Eli Lilly: 'Small grant'
Support and advice groups for parents of children with so-called behavioural
disorders are being secretly funded by pharmaceutical firms, it can be revealed.
The groups give out advice on stimulant drugs and other controversial
medical treatments for young children diagnosed with attention-deficit hyperactivity
disorder (ADHD). Their internet sites provide extensive details of medications
that doctors can prescribe.
But at the same time they are also being secretly financed by the pharmaceutical
companies which make the controversial "chemical cosh" drugs.
Last night one of the groups, a government-funded charity, admitted receiving
five-figure sums from the drug giants and one of the companies involved conceded
that a desire to sell more of its product was one of its motives for providing
The revelation comes amid increasing concern over the huge increase in children
being fed powerful drugs in order to control overly exuberant behaviour.
Prescriptions of methyl-phenidate, a stimulant sold under several brand
names, have increased 180-fold in the past 14 years.
Nicknamed "the chemical cosh" for its ability to slow down children,
methyl-phenidate is predominantly prescribed to under-16s and its side-effects
include insomnia, unresponsiveness and loss of appetite.
Critics claim that its use is unnecessary in many instances, as the children
are exhibiting natural traits for their age which can be alleviated with dietary
The National Attention Deficit Disorder Information and Support Service (ADDISS)
is a Department of Health-funded charity set up to "provide people-friendly
information and resources about ADHD" and its website provides a factsheet
giving details of the drugs that can be supplied to children.
It has received funding from three of the major pharmaceutical companies that
make methylphenidate and other ADHD medications, which have been accused of
sparking suicidal behaviour and liver problems in children.
However, the drug firms' financing is not acknowledged on the site and nor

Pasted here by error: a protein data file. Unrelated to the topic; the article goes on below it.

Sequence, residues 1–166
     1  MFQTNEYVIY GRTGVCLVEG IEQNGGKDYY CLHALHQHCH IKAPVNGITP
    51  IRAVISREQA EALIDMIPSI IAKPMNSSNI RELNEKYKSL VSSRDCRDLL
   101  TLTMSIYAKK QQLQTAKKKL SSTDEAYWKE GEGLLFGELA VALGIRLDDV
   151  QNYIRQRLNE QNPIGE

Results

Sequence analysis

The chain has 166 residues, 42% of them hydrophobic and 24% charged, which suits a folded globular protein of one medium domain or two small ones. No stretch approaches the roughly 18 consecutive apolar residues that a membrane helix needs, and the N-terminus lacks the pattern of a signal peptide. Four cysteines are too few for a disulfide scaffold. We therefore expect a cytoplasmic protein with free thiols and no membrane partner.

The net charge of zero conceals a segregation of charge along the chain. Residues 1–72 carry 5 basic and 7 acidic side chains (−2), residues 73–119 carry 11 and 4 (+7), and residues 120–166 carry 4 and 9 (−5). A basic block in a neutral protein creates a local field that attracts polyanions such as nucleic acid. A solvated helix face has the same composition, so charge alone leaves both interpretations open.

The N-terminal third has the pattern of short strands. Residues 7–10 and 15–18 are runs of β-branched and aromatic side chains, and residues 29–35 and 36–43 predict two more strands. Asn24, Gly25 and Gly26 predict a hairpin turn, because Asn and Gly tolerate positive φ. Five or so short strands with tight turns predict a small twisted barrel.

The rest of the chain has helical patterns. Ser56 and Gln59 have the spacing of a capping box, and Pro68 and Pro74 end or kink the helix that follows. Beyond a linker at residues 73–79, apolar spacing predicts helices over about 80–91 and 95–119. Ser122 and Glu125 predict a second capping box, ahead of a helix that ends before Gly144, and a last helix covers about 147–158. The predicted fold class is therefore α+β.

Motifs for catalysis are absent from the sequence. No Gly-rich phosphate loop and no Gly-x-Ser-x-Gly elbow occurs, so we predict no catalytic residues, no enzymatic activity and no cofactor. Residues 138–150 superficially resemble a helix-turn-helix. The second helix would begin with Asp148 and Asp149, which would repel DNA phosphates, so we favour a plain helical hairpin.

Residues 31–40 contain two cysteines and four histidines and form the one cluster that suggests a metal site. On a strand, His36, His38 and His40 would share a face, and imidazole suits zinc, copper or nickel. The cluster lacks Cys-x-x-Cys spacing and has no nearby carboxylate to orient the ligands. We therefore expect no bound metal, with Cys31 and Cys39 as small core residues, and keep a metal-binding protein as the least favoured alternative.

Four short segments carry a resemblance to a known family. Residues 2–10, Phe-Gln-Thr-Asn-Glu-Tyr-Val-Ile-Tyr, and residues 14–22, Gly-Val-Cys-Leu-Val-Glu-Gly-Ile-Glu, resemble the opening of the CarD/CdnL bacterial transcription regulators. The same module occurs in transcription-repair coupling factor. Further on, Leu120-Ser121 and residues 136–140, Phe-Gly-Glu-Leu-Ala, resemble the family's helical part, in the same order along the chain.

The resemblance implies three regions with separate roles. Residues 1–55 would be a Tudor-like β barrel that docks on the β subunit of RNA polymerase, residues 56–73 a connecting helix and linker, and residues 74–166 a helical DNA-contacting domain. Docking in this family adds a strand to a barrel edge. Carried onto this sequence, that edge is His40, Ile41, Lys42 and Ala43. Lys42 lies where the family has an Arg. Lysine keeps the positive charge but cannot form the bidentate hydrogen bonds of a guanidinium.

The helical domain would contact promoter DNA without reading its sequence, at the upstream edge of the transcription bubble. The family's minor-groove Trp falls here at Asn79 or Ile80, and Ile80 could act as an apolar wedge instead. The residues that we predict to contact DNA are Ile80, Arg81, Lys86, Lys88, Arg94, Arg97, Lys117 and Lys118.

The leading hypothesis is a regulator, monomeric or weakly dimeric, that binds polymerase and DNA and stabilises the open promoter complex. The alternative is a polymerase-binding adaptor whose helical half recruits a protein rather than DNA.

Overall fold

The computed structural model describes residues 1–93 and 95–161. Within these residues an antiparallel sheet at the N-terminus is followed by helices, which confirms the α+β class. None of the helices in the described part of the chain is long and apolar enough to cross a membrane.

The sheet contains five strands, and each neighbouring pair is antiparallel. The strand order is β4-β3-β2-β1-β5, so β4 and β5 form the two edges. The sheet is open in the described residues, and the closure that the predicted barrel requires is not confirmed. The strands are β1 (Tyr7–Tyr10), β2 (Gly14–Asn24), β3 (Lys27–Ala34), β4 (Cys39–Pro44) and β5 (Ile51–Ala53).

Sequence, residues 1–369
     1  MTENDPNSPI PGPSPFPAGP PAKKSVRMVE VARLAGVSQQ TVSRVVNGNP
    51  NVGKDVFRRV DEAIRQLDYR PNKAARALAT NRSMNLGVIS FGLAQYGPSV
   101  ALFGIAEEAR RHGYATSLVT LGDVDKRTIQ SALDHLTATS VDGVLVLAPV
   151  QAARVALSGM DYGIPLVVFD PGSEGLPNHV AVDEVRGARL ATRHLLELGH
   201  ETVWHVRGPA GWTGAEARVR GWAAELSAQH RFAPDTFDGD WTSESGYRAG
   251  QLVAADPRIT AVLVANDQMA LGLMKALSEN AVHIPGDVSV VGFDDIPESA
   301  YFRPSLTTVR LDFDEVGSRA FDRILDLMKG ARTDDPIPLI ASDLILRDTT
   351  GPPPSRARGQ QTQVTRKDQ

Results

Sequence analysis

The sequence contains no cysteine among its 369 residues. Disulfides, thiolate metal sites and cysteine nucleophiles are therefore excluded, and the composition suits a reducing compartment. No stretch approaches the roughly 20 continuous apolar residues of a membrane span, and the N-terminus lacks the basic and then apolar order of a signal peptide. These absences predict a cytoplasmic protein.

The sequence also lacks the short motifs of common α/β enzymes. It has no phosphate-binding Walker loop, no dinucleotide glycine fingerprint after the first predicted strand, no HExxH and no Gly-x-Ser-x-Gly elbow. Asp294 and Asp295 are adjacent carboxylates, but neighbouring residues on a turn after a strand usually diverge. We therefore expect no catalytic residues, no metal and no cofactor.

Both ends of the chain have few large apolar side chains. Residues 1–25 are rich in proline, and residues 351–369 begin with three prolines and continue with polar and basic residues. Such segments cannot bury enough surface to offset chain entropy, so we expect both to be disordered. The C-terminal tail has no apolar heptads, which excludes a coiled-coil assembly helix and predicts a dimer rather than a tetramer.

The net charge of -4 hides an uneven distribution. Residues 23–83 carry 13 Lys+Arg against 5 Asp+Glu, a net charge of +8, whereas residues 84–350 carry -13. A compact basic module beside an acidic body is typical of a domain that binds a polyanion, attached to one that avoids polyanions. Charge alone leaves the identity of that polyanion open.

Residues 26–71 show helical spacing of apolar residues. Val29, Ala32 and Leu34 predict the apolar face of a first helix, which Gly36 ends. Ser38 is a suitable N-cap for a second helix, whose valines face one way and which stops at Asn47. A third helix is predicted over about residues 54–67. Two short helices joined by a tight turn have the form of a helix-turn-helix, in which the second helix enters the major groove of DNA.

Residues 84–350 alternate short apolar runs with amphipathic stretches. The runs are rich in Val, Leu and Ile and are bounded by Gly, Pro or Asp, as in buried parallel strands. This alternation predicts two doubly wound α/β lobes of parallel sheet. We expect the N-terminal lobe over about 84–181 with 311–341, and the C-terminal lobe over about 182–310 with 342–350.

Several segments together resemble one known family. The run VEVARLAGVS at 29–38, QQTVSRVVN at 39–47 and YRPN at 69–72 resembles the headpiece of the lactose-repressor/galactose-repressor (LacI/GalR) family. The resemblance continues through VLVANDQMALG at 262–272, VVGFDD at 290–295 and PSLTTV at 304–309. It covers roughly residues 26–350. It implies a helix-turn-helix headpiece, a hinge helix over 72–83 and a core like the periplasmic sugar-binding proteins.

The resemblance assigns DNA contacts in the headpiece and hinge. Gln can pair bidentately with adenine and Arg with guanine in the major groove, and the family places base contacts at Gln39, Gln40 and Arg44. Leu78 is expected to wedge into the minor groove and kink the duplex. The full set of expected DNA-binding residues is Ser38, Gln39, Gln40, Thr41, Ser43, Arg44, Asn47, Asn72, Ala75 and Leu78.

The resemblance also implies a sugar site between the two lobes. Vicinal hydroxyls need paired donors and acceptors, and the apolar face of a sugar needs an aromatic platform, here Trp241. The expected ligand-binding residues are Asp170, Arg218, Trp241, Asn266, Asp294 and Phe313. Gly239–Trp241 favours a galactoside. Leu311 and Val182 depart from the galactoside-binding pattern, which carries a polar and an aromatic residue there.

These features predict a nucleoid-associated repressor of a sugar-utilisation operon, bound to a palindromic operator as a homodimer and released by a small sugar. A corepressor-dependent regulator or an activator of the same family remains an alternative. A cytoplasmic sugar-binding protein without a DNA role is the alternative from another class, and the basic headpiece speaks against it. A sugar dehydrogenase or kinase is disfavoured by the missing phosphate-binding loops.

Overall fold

do their names show up on the accounts lodged with the Charity Commission.
Andrea Bilbow, the founder and chief executive of ADDISS, admitted that her
group had solicited and received total funding of around £20,000 from
Janssen-Cilag, which makes Concerta, a form of methylphenidate, UCB Pharma,
which also produces another branded form of the drug, and Eli Lilly, which makes
a form of atomoxetine, another ADHD drug which is linked to an increased suicide
risk in children.
She said: "From time to time we do go to the pharmaceutical companies
to ask for money, but we are not getting massive amounts. We don't sell our
soul to the devil but we can't survive without them."
Ms Bilbow said that she did not identify the companies which have funded her
charity on its internet site because to do so would be giving them "something
"If we put the names on the site that would be promoting the companies
and I've told them I won't do that," she said. "That would be advertising
and I'm not getting enough money from them for that."
Another website, Adders.org, run by the Thanet ADDers non-profit support group,
also gives detailed instructions on which drugs are available. Thanet ADDers
has received money from at least one drug company. A spokesman for Eli Lilly
confirmed that it had provided support in the form of a "small grant".
Caroline Hensby, who runs the website, did not respond to calls.
The Eli Lilly spokesman said that the company wanted to help educate people
about ADHD, but she conceded that there was a degree of self-interest in it
A spokesman for Janssen-Cilag confirmed that financial support had been given
to ADDISS for a "specific meeting" organised by the charity.
A spokesman for UCB Pharma said: "Whilst we have good working relationships
with ADDIS and Adders, we have not provided any significant funding or sponsorship."
Not all ADHD help groups take money from the pharmaceutical companies.
Glenn Slater, who has a child with ADHD and runs the website ADDvice.co.uk,
which does not receive such funding, said: "Pharmaceutical companies giving
money is not a good idea as people on the outside might get the wrong idea about
the sites' motives."
Jim Mackie, former chairman of the Overload Network, which provides support
for families affected by ADHD, said: "If they [the charities] are being
funded by drug companies who are interested in promoting their products then
that should be made clear on the websites."